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Kenya risks Fifa’s sanction as continental football politics gets ugly

Fifa has opened disciplinary proceedings against Kenya and other Cecafa member nations for featuring “in an unsanctioned tournament.”

The matter revolves around the Cecafa Senior Challenge Cup hosted in Ethiopia in late 2015, a competition which Fifa says it didn’t approve, a view which Cecafa secretary general Nicholas Musonye and the body’s former President Leodgar Tenga dispute.

“We followed the same procedure (in staging the Ethiopia tournament) by doing what we have been doing since 1926. We spoke to Caf,” Musonye saids.

On Thursday, Football Kenya Federation (FKF) confirmed the possible sanctions from Fifa through a published statement.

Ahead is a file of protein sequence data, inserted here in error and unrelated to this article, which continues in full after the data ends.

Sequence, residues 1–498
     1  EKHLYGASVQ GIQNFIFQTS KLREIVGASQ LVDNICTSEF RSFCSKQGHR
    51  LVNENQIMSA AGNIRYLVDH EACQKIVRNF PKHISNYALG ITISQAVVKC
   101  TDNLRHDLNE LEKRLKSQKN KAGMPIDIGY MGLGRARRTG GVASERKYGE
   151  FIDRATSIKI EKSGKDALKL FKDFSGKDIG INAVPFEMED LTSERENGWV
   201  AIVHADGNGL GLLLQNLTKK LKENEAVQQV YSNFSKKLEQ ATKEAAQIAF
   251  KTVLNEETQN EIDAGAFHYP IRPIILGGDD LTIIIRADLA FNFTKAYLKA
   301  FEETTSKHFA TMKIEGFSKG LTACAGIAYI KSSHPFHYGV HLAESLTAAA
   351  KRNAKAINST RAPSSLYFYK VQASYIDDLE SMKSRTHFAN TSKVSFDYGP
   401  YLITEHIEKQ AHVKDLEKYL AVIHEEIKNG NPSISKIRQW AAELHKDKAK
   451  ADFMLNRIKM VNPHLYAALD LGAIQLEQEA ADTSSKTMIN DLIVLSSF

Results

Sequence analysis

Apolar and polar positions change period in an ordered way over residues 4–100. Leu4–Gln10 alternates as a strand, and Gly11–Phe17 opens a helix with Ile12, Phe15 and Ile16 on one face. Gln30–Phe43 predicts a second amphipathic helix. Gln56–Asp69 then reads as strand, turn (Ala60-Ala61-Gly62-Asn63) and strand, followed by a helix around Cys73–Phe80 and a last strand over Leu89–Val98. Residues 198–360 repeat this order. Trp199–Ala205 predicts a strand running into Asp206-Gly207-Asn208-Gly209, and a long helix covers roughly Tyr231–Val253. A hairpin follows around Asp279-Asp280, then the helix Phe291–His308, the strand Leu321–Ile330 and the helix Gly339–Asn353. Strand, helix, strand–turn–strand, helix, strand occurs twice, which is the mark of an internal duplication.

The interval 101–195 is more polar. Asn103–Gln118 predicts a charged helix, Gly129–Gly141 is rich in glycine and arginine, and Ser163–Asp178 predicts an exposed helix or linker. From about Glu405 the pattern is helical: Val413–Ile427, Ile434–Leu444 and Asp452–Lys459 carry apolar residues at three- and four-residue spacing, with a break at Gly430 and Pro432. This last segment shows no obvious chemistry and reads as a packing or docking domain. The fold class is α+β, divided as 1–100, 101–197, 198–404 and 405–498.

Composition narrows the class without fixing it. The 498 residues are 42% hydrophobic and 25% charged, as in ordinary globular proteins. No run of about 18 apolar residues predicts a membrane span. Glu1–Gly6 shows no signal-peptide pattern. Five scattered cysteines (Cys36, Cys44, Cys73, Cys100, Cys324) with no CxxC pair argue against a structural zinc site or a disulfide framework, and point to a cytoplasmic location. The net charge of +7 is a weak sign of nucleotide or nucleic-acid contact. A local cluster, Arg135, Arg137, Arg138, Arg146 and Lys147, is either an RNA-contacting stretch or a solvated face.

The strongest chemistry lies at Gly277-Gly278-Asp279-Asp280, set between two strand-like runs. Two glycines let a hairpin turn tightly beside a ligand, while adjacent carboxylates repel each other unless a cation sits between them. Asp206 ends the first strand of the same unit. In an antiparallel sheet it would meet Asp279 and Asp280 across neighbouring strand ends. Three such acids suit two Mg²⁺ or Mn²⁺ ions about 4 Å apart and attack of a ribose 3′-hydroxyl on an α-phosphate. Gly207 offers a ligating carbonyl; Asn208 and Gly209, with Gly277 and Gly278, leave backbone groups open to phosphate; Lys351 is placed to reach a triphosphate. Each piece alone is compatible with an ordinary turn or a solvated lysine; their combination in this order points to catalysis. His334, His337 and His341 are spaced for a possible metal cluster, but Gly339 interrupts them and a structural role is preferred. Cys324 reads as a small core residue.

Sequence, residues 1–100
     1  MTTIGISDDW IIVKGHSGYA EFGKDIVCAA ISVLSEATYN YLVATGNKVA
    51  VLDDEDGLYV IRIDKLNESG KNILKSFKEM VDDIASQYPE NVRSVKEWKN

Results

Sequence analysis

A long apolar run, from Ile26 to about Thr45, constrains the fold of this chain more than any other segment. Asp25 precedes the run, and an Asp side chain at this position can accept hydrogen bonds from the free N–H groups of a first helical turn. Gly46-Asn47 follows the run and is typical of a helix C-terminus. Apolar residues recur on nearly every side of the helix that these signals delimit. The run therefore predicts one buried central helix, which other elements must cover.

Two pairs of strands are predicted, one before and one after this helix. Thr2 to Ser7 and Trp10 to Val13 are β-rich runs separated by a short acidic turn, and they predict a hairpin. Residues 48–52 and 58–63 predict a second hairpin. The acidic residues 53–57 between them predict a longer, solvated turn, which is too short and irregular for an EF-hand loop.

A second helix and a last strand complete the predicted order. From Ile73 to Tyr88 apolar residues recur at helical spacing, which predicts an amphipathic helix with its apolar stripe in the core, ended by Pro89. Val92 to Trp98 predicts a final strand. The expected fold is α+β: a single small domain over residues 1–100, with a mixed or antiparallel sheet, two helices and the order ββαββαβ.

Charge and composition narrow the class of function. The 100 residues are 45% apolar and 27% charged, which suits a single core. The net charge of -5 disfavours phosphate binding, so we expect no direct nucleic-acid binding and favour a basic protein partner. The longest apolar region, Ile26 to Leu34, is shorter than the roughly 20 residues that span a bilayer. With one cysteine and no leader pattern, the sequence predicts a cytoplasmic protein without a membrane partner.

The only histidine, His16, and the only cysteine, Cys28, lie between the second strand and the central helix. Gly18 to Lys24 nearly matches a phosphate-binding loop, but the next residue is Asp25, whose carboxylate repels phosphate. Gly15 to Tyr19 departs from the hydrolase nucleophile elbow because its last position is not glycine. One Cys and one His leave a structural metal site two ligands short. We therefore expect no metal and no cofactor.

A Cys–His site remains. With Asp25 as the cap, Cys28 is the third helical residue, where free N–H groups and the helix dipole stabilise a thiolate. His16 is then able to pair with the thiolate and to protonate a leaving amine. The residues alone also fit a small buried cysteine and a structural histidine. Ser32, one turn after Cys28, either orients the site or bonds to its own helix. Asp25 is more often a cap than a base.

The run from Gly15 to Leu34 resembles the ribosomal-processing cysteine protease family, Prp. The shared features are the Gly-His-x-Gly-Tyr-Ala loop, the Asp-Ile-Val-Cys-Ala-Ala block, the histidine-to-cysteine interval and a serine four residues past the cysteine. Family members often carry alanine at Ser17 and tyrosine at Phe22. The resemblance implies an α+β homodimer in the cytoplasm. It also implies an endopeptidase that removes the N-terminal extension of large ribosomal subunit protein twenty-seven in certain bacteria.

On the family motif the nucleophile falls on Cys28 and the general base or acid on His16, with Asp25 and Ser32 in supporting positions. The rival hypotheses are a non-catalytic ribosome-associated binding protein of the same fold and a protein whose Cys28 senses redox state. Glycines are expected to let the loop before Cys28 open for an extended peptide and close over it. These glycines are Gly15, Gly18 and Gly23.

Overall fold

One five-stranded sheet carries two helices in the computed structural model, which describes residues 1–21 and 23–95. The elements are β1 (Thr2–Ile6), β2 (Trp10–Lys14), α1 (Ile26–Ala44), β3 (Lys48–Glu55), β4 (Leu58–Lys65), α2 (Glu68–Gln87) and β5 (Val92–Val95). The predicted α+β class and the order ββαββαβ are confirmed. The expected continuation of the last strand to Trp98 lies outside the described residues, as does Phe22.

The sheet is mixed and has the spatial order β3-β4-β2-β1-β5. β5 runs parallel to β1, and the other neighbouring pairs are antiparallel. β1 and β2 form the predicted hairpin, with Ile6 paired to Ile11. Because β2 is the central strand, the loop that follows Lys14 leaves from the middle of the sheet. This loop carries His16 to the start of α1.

“The world football governing body has disclosed that its Disciplinary Committee that is scheduled to meet on March 15, 2017 will analyze the matter with regard to a possible violation of regulations and decide on a possible imposition of sanctions against the Kenyan FA,” FKF’s Communication Manager, Barry Otieno, said in the statement.

SOLE CHALLENGER

Incidentally, the sanctioning letter arrived hours before Fifa president Gianni Infantinno made a published visit to Uganda.

However, a number of stakeholders who spoke to Nairobi News off the record believe Fifa’s actions are a way of arm-twisting Cecafa members to sideline Caf President Issa Hayatou ahead of the continental body’s general elections slated for Addis Ababa next month.

The other logical explanation to this standoff could be political, with close sources in the know suggesting Fifa “want Hayatou out of office by all means”, and are thus reprimanding Cecafa, whose members have been warming up to the Octogenarian’s re-election.

Already, Cosafa – which consists 15 federations from the Southern Africa bloc – have openly declared their support of Madagascar FA president, Ahmad Ahmad, who is Hayatou’s sole challenger.